Leverkühn is an intellectually determined character who secretly suffers from his lack of human warmth (cold motive). The personal address "you" has only survived between him and his childhood friend Zeitblom. The handsome violinist Rudolf Schwerdtfeger was able to wrest it from him later. However, Leverkühn's trust, who has pledged to renounce love in his pact with the devil, maneuver Schwerdtfeger into a deadly conflict.

Leverkühn has an urge to be creative. But with his cold he needs disinhibition, hellish fire , as Thomas Mann calls it in one of his self-comments, in order to become artistically productive. Leverkühn's coolness contrasts with a peculiar, disconcerting lust for laughter that overcomes him when he sees through involuntary comedy. This tendency, the more an unruly ridicule than laughter, and his arrogance have the devil early attention to let him how this later (in the 25th chapter, the devil talking telling) Leverkühn.

Adrian Leverkühn is a different member of the devil than Faust in the Volksbuch of 1587 and in Goethe's poetry. The search takes the place of the urge for knowledge, subjectivity and freedom in Leverkühn after the "breakthrough" to the genius, the rigorous pursuit of objectivity and order, a math-based creativity, from spiritual coldness in a daring world renewed sense leads and the music / art from its harmony and repetition compulsion redeemed , the modern world is finally obsolete in view of the resignation of bourgeois norms and absurdity. It is not only in this aspect that Thomas Mann's character Adrian Leverkühn touches upon Friedrich Nietzsche's character traits. The diabolical price for this intellectualization of art is Adrian Leverkühn's withdrawn life in complete solitude, his inability to live in a lively community, for real friendship (Zeitblom, Schwerdtfeger) and true love (Esmeralda, Marie Godeau). Even his self-sacrificing affection for the little boy Echo ends tragically: despite, and precisely because of, Adrian's care, Adrian succumbs to fatal meningitis, an inflammation of the brain, similar to the syphilitic cerebral decomposition of Adrian's mind.

Rüdiger Schildknapp

The translator Schildknapp, a sporty-looking figure, has been a close confidante of Leverkühn since his time in Leipzig, and he gladly accepts favors (including financial ones). Even though, for some inexplicable reason, he always refuses to help when he is urgently needed and likes to postpone or omit pending tasks with the phrase: “You should actually”. But his imitation of the English style in clothing and demeanor gives him a sympathetic eccentricity that is also popular with women. With small purchases from gentlemen's outfitters, they benevolently improve the bachelor's elegant, but here and there worn clothes. The composer spent two years with Schildknapp in Italy, near Palestrina , where Thomas Mann stayed for two years with his brother Heinrich Mann . Thomas Mann used his Munich friend Hans Reisiger as a template for his literary portrait.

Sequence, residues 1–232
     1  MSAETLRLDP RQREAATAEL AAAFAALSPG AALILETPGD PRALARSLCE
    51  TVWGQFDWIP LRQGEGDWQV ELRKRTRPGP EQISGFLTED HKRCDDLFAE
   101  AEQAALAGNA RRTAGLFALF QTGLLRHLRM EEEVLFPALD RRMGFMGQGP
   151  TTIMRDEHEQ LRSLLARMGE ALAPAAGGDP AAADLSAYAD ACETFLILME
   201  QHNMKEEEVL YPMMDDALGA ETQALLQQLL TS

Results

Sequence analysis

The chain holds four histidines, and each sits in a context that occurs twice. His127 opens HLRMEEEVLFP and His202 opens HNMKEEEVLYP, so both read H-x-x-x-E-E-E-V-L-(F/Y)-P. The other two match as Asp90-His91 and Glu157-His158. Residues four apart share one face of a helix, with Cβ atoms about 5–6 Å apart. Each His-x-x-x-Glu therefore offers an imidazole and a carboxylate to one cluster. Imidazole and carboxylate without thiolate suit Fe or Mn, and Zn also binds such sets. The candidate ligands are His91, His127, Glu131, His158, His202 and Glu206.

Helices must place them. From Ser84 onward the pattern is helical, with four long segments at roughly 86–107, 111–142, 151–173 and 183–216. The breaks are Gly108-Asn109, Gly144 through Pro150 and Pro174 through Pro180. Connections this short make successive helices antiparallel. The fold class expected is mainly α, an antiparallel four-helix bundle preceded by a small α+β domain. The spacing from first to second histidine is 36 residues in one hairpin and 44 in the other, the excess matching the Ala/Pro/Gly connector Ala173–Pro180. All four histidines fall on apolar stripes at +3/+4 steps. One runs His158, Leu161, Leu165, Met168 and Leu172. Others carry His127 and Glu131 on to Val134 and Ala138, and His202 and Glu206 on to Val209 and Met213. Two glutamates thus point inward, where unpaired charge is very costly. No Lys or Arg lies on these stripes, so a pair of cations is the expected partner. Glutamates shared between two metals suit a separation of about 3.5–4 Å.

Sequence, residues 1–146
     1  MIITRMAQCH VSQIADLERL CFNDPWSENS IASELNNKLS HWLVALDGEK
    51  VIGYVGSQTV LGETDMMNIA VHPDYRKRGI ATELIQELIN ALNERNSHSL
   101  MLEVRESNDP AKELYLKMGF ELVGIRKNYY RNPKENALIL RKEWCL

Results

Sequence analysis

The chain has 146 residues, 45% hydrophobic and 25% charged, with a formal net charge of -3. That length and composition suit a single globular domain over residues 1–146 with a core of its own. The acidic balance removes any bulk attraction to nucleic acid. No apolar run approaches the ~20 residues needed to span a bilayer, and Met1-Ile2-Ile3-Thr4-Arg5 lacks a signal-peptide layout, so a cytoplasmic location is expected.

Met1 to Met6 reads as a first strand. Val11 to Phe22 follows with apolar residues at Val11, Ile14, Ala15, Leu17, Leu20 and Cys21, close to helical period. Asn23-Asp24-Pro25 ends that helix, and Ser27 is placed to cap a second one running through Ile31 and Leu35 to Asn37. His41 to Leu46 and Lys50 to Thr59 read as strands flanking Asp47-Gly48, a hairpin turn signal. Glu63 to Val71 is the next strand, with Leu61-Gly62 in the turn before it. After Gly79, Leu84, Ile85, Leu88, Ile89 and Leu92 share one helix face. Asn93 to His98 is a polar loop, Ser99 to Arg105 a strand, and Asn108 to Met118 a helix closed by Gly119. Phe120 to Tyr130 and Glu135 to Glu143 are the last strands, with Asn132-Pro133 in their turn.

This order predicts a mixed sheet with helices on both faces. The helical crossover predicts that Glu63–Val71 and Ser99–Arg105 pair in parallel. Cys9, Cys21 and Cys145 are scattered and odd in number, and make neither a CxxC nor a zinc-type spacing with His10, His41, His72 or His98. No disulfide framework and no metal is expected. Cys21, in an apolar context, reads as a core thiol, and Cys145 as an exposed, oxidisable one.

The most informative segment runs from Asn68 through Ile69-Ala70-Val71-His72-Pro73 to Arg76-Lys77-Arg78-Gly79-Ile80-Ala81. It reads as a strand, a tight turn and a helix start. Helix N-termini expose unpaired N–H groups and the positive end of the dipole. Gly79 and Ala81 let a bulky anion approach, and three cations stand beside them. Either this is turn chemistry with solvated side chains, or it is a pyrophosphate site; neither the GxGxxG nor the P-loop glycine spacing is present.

Leverkühn and Schildknapp share their idiosyncratic sense of humor. Together they can burst into outbursts of laughter and cheerfulness, even where others see no reason for it. Alluding to these excesses of laughter and because they have the same eye color, the biographer and childhood friend Zeitblom Schildknapp calls the “equal-eyed man”, a dubious constant companion that Leverkühn is the only one who can endure around him. Schildknapp embodies “the shadowy specter of self-decay. As a mere translator, he is also the specter of sterility: the impossibility of producing one's own. "

Rudolf Schwerdtfeger

With him, Thomas Mann portrays his childhood sweetheart Paul Ehrenberg. Schwerdtfeger is violinist and first violinist in the Munich Zapfenstößer Orchestra . He plays his instrument precisely and cleanly, albeit with a small tone . In company he impresses with the amazing skill of being able to whistle the most difficult melodies with virtuosity. The good-looking Rudi, a “flirtatious nature”, succeeds in getting emotionally very close to the shy Leverkühn with “indestructible and a lot of personal charm”. He asks Leverkühn to compose a violin concerto especially for him. He wanted to “incorporate” it so that he could play it in his sleep, “and cherish and nurture it in every note like a mother, because I would be mother to him and you would be the father - it would be like a child between us, a platonic child. ”So the trusting Schwerdtfeger to the Teufelsbündner Leverkühn - without knowledge of his love prohibition, the condition of his genius. Leverkühn cannot avoid Schwerdtfeger's advertising. He actually composes the requested concert, dedicates it to Rudolf and, contrary to his custom, appears for its premiere.